Tibetan language rights activist goes on trial

The trial of Tibetan educational rights activist Tashi Wangchuk ended without a verdict at Yushu Intermediate People's Court in Yushu Tibetan Autonomous Prefecture, Qinghai province, the activist's lawyer Liang Xiaojun said Jan. 4. “The trail conducted in Chinese went for four hours...without reaching a verdict. The judgment will be made at an unspecified date,” Xiaojun tweeted. The lawyer also added that the Chinese prosecutor produced the nine-minute New York Times video report, "A Tibetan's Journey for Justice" as the main evidence of Tashi "inciting separatism." Tashi was charged under Article 103 of China's criminal code, which states that "whoever organizes, plots, or acts to split the country or undermine national unification, the ringleader, or the one whose crime is grave, is to be sentenced to life imprisonment or not less than ten years of fixed-term imprisonment."

Court documents further alleged that through the video report, Tashi was "creating unrest in the society and inciting disharmony among communities, undermining the ethnic minority policies, attacking the Chinese constitution and fabricating the essence of self-immolations happening for the past few years."

The exiled Central Tibetan Administration and rights groups maintain that Tashi was tried for pursuing the right to bi-lingual education for Tibetans and other ethnic minorities, as guaranteed by the Chinese constitution. "His trial and sentencing will determine largely whether the Chinese Government is committed to upholding the internationally recognized laws and domestically accepted rule of law in China," said Lobsang Sangay, leader of the exile administration.

Amnesty International said that Tashi's trial has "exposed how ludicrously unjust the case against him is." PEN America said that charges against him constitute an "outrageous attempt" to treat "peaceful advocacy for linguistic and cultural rights as a dangerous crime."

In the Times video, Tashi said the lack of general instruction in the Tibetan language is "destroying our ethnicity's culture," and also discussed the self-immolations of Tibetans, suggesting that he may choose this if other options for protest are closed to him. 

Tashi, 32, was arrested on Jan. 27, 2016, and charged with "inciting separatism" on March 24, 2016. He has been held in Yushu Detention Center in Kyegudo since his arrest. He had earlier been detained twice for his attempt to go to India on a pilgrimage in 2012 and for posting comments condemning the authorities in a land-grab case. (Phayul, HKFP)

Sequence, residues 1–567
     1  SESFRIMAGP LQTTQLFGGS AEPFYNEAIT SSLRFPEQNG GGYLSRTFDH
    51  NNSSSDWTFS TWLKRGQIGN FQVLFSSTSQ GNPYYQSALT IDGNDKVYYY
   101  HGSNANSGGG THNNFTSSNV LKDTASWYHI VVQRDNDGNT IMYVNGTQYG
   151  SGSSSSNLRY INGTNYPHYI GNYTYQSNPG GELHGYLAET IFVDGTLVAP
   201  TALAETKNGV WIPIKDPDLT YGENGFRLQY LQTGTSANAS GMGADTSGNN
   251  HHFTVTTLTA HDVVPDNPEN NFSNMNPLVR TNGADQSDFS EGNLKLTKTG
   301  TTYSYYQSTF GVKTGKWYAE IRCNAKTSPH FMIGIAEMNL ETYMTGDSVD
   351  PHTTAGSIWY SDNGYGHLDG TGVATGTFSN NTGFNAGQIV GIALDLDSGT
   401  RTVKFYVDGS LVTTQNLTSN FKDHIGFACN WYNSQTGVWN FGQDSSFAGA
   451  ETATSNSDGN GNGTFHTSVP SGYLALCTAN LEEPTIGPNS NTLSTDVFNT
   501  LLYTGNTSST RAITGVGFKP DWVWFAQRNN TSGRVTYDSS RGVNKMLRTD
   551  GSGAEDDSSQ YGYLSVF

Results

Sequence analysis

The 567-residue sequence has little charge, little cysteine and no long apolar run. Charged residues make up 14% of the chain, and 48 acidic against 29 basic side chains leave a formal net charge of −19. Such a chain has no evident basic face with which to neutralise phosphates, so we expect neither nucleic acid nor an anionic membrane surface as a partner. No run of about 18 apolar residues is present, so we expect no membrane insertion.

UN rights experts concerned over Tashi Wangchuk conviction

A group of UN human rights experts on Feb. 21 expressed concern that the Yushu Intermediate Court in China has upheld charges of "incitement to separatism" against Tibetan activist Tashi Wangchuk.  "We condemn the continued detention of Mr. Wangchuk and the criminalization of his freedom of expression as well as his right to stand and speak up for what he perceives as human rights violations in his region and country," the statement said. The experts called for Wangchuk's release and urged the Chinese government to compensate him in all ways legally applicable. (Jurist, Feb. 23)

Tibetan writer Shokjang released after three years in prison

Tibet campaigners received news March 19 of the release of political prisoner Shokjang Druklo. In February 2016, Shokjang was sentenced to three years in prison on charges of "inciting separatism" and "disturbing social stability" following his arrest on March 19, 2015. Shokjang has a history of activism. As a student of Tibetan literature at the Northwest Nationalities University in Lanzhou, Shokjang organised student protests calling for greater freedom for Tibetans during the mass Lhasa uprisings in March 2008. He was later detained and held arbitrarily for a month for his involvement in the protests, and for publishing a critical literary magazine. (STF)